Representatives of several hundred small-airplane owners on Monday evening took their arguments against what they fear would be an aircraft-fuel monopoly at John Wayne Airport to the Orange County Airport Commission, but were shot down on a 5-0 vote.
"General aviation is in decay at John Wayne Airport," said Michael Church, owner of Sunrise Aviation, a flight school based at the airport.
Addressing the Airport Commission at its meeting in Santa Ana, Church added: "This is now perceived to be an air-carrier airport. . . . We're on our way out."
Church, who is also president of the Orange County Airport Assn., a private pilots group, urged the commissioners to "recognize how much you owe general aviation your protection."
Don Miller, the association's vice president, said that the organization was not opposed to one firm taking over another at the airport but that commissioners should realize that none of the flight schools can operate "unless they can get fuel and get it right now."
The debate was the result of several recent changes affecting aircraft service firms based at John Wayne, which is home to about 900 privately owned planes ranging from piston-engine Cessnas to big Gulfstream corporate jets.
First, Tallmantz Aviation, one of the airport's three providers of general-aviation fuel, has been in financial difficulty, with the county attempting to evict the firm for non-payment of rent.
Second, developer-aviator William Lyon and partners have purchased Martin Aviation, and Lyon proposes to take over the airport land lease and assets held by Pel-Aire Partners, which is known publicly as Million Air. Martin and Million Air are the only other providers of general-aviation fuel at the airport.
Airport commissioners were provided with a study, financed by Martin Aviation and conducted by the Peat Marwick accounting firm, that purports to show no correlation between the number of fuel providers at an airport and the price per gallon.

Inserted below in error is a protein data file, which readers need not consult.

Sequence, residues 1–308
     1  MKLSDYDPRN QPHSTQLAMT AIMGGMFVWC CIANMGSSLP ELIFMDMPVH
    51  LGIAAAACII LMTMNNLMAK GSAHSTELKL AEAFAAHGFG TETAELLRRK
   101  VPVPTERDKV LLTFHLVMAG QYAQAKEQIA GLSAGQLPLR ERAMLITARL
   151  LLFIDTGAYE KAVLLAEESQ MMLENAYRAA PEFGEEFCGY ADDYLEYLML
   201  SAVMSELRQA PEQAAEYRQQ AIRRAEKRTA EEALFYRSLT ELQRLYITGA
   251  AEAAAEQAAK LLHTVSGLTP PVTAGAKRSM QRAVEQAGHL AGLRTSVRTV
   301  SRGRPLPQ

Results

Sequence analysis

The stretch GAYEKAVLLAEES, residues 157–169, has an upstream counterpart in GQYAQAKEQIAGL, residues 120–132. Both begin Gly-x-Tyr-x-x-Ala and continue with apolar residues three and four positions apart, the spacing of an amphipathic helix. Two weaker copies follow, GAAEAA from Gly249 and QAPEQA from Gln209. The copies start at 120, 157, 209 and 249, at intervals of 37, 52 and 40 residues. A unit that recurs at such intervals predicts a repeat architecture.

The study surveyed 56 fuel providers at 22 different airports.
"The survey demonstrates that Martin Aviation's acquisition of Million Air's assets should have no adverse impact on fuel prices," David Banmiller, chairman of Martin's board, wrote to the commissioners.
About 59% of all airports offering low-lead aviation fuel have only one or two suppliers, according to the Peat Marwick report.
Airport officials said that if Tallmantz Aviation is successfully evicted, its fueling business will be taken over by a new airport business operator, so that fuel would continue to be provided by a second source.
Panel members decided during the meeting that it was better to have Martin Aviation assume control of Million Air than to let Million Air, which has been losing money, stop operating altogether.
In other action, the Airport Commission approved a plan to allow a second airport contractor to finish work on a new garage and elevated roadway, a job that Taylor Woodrow California Construction Ltd. was fired from in May.
Under the plan, proposed by the airport staff, the Irvine-based McCarthy Brothers firm will complete the work at a price not to exceed $1.634 million, four times the amount for which Taylor Woodrow has offered to do it.